We know that crystalline solar cells are typically made from silicon.

We need to process silicon into solar cells. Ingot manufacturing comes in between the transformation of silicon to solar-grade finished solar cells.

Ingots are processed from polysilicon and acts as the intermediate stage between polysilicon and wafers.


Initially polysilicon is refined into either single crystal polysilicon (Mono-Crystalline polysilicon) or Multi-Crystalline (also called polycrystalline) polysilicon.

Polysilicon is transformed to ingots by an industrial baseline process called the Siemens Process (Czochralski Process).In this process, large blocks of silicon are melted in a high purity crucible around 1500 degrees Celsius. A pure silicon rod, known as seed crystal, is then dipped in the molten silicon from the end of a rotating shaft. The shaft rotates anti-clockwise and the crucible rotates clockwise. The rotating rod is then drawn upwards and a uniform deposition of silicon is obtained. By precisely controlling the temperature gradients, rate of pulling the rod and the speed of rotation, it is possible to extract a large, single-crystal cylindrical ingot.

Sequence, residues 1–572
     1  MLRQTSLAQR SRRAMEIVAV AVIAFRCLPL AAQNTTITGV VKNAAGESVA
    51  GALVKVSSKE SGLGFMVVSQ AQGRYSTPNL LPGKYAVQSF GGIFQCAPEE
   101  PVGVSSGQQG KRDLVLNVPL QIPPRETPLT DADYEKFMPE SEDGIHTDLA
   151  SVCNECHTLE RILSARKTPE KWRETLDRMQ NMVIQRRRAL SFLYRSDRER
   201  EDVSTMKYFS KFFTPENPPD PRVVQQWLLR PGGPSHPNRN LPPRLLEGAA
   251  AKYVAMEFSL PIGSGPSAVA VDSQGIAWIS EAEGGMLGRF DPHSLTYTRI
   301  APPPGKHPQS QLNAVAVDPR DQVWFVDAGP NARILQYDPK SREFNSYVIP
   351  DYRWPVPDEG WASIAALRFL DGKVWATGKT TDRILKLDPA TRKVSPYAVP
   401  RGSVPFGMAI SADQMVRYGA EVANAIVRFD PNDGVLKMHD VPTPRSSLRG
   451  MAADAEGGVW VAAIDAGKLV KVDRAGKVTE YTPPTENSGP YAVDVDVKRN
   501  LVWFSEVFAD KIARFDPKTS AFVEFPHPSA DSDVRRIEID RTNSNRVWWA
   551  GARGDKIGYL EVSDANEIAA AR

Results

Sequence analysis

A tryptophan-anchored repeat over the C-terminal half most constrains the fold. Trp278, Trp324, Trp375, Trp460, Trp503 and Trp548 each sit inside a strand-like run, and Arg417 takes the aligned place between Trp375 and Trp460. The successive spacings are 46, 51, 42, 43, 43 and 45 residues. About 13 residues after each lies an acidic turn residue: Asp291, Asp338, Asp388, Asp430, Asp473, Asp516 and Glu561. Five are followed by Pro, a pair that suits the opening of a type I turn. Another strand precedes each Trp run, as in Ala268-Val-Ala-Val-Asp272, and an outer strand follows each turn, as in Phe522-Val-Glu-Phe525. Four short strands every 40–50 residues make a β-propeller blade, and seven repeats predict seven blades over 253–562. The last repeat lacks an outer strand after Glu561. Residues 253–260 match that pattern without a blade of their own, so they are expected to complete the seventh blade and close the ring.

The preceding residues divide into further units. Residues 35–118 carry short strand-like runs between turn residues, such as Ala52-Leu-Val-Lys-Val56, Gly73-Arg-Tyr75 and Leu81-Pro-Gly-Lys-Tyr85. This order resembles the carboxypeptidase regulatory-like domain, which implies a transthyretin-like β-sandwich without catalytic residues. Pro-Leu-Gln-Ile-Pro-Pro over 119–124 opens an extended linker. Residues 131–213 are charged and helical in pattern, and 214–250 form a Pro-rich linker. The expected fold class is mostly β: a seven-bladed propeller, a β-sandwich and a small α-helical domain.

The specifics of the crucible design allow the ingot to cool slowly so that very large grains (> 1 cm) are formed. Growing a silicon ingot can take anywhere from one to week to one month, depending on the size, quality and the specifications required.

What is interesting is that the ingot production takes up around one-third the cost of solar cell production. It is a capital intensive process. Since production costs scale favourably with size, ingot weights have continuously increased from 270 Kg a few years ago to 700 Kg now.

After the silicon ingots are ground to the required diameters, they are sliced into wafers. The slicing is done with great precision using diamond saws. These wafers then transform into electricity-producing solar cells.